“Like many science fiction authors, I began by writing short stories, which isn’t the norm any more, at least not among British authors today. Today young authors would rather write novels straight off—and that’s precisely why these novels are mostly so poor. In every job you need a certain amount of practice, whether you’re a violinist or a joiner, and short stories offer writers a wonderful chance to acquire the necessary tools. The Mona Lisa, was, after all, not exactly Leonardo da Vinci’s first painting. In any case I learned what it meant to be a writer by writing short stories; what my weaknesses and strengths are.” J. G. Ballard, author of Crash and Empire of the Sun
I wholeheartedly agree with Ballard here. In fact, I wish I’d read his advice 15 years ago, when I wrote two novels that never found any love in the slush piles. As he said, you have to acquire the necessary tools first, and the only way you’ll do that is to start writing, even if it’s junk. As Chuck Jones once put it, “Every artist has thousands of bad drawings in them and the only way to get rid of them is to draw them out.” Ya gotta pay those dues.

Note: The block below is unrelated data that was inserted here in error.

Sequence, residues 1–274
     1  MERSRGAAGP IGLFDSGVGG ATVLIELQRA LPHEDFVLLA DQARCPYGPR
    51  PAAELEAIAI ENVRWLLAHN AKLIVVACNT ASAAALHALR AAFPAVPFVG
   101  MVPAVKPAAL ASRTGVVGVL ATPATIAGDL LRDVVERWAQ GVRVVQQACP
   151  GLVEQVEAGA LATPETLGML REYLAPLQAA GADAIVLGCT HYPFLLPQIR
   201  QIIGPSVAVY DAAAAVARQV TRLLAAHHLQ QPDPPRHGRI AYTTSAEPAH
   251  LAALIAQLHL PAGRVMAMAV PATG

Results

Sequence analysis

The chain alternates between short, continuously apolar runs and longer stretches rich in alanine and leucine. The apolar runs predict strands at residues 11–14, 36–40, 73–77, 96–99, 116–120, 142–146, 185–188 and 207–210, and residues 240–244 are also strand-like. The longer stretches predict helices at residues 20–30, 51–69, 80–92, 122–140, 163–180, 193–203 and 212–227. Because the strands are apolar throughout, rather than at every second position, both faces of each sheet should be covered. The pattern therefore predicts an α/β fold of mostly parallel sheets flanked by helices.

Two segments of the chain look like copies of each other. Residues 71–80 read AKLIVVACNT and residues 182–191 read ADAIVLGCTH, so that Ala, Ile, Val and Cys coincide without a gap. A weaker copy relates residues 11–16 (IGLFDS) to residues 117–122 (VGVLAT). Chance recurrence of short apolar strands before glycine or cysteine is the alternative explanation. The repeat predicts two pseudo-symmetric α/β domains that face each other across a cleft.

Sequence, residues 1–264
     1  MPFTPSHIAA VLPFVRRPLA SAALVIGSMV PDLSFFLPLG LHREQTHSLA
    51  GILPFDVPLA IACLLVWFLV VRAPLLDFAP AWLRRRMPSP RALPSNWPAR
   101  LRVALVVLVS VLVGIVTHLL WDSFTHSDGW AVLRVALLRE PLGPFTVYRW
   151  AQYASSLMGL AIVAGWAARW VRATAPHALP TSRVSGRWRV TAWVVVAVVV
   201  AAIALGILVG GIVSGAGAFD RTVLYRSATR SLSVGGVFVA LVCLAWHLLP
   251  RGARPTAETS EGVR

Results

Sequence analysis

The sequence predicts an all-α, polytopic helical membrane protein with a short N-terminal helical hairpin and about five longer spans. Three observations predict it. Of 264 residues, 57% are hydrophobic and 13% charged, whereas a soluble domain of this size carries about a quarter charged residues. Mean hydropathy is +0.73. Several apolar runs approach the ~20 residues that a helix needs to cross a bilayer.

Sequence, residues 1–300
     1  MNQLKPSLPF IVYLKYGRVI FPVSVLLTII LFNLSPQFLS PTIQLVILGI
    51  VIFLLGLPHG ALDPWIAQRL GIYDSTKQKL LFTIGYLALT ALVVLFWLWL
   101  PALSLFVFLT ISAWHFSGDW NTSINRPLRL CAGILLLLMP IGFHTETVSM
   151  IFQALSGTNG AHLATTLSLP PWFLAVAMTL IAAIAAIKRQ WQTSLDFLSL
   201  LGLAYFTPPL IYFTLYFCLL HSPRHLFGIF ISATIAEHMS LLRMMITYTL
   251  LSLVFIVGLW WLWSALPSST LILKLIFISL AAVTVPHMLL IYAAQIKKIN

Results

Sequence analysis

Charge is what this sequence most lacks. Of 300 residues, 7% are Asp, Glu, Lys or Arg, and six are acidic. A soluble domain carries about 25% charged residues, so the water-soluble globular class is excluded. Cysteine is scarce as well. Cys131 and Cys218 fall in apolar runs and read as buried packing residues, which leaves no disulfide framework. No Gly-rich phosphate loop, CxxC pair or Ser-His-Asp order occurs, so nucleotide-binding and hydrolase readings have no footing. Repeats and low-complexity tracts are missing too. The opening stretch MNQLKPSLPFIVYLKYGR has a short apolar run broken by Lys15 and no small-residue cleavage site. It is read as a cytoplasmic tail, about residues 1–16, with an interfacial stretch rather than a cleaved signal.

As different as long works are from short ones, both share the same essential features, including:
– sympathetic characters who have agency
– the protag’s goal, or elusive desire
– that thing or person preventing the protag from getting what he desires and
– a satisfactory conclusion.
And of course, to varying degrees, there are those more elusive and more difficult to define factors, such as style, believable dialog, foreshadowing, and all the other literary devices that make the story work.
Even flash fiction must have the same essentials listed above, plus as many of the supporting literary devices you can pack into 1,000 words. And in an age where people are drowning in too much information, it’s vital for a writer to learn how to say more with less. What better place to learn than in short literary works?